Chad Gracia thought he would become a Kremlinologist. As the Cold War raged on while he was at the University of Wisconsin, he studied Russian literature and history, fascinated with the mindset of those living in the Soviet Union and planned after graduation, in his words, to investigate “the soul of the Soviet man and woman.” But the Cold War ended before Gracia would have the chance, leaving the Russophile to pursue another career path, ultimately in the theater.
“Ironically, twenty-odd years later, I find myself in the role that I studied for when I was in college,” says Gracia now, who seems just as surprised that he can now call himself a filmmaker after making “The Russian Woodpecker,” this year’s Sundance World Cinema Grand Jury Prize-winning documentary.
Gracia wound up behind the camera after meeting Fedor Alexandrovich, a set designer in Kiev with a background that was intriguing, to say the least. A passionate man whose frizzy, unkempt hair seems to be an extension of his wild creative streak, Alexandrovich is also a child of Chernobyl, just four when the nuclear disaster left radiation in his bones. Yet, as his mother recalls in the film, he declared himself a pacifist at six and was noticeably mature for such a young child, showing great curiosity about Russia’s remaining presence in his native Ukraine, primarily because of a giant radar that hovered over the Chernobyl Exclusion Zone that still carried radio transmissions nicknamed “The Russian Woodpecker.”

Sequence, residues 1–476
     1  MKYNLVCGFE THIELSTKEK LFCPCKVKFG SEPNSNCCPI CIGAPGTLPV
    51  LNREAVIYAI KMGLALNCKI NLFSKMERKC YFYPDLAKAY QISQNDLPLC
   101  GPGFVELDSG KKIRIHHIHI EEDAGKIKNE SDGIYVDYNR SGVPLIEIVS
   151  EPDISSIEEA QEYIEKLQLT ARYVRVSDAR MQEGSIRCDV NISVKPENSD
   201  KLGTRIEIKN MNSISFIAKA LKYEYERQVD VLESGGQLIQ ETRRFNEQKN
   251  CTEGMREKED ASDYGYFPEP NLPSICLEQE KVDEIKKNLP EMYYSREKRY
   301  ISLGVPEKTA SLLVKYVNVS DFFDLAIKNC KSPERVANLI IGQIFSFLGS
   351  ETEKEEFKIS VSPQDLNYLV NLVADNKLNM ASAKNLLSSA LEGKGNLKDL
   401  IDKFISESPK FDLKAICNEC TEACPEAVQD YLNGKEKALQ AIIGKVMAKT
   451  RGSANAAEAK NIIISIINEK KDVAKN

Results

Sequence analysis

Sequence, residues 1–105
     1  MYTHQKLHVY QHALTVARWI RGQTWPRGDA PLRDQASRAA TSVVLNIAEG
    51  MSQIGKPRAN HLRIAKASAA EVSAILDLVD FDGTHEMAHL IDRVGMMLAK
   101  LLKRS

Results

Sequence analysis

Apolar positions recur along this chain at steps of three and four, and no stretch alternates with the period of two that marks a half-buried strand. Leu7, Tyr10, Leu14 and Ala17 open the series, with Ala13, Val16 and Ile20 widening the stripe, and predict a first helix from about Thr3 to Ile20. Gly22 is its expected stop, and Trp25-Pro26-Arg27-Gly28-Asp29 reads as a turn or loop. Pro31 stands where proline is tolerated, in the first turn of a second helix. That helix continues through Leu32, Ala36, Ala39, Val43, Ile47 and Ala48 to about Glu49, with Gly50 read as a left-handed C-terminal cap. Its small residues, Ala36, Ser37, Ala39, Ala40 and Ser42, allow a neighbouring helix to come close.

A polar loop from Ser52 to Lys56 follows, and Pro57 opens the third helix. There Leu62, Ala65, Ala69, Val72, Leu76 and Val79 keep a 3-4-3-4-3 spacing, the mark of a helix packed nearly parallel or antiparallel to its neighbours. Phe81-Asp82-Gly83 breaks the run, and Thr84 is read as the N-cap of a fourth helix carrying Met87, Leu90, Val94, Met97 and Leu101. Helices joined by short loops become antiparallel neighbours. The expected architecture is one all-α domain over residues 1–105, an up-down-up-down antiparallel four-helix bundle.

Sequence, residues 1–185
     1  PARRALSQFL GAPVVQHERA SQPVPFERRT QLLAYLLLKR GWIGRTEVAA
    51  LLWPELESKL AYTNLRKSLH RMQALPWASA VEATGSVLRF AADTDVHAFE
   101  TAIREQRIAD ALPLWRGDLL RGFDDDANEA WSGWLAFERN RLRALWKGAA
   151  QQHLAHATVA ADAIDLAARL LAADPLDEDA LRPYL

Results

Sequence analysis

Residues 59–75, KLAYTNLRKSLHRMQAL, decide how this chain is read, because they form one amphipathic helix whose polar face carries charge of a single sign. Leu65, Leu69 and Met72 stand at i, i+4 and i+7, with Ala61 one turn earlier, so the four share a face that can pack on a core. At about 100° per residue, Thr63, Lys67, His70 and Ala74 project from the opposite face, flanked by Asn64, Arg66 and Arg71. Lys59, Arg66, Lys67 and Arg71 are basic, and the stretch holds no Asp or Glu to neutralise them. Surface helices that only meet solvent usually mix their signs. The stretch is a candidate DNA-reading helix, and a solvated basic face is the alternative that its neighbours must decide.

Alexandrovich’s theory that the radar is still being used, despite its appearance as a long defunct apparatus collecting rust, serves as the basis for Gracia’s film, but as Russian troops invaded Ukraine at the end of 2014, just as Gracia had planned to wrap up shooting, “The Russian Woodpecker” uses the present to put the pieces of the past together. However, at every turn, Gracia and crew knew there was something worth uncovering and were adamant about doing so, with Alexandrovich’s family threatened by the Ukranian secret police and cinematographer Artem Ryzhykov surviving being shot by snipers while documenting the revolution.
Gracia did not let these personal sacrifices go to waste, making a film that embodies his protagonist’s marriage of artistic instinct and serious investigation and as “The Russian Woodpecker” is made available to the masses, he spoke about his unexpected foray into filmmaking, shooting in the exclusion zone and the challenge of bringing so many story strands together.
If you met Fedor in the theater, how did a film come about?
The play was a retelling of “Anna Karenina.” I used to work in theater in New York and I had the idea that we would try the play out in Kiev, and if it worked, bring it to New York. While we were rehearsing the play, Fedor pulled me aside and told me about this secret antenna that he had discovered, “The Russian Woodpecker”.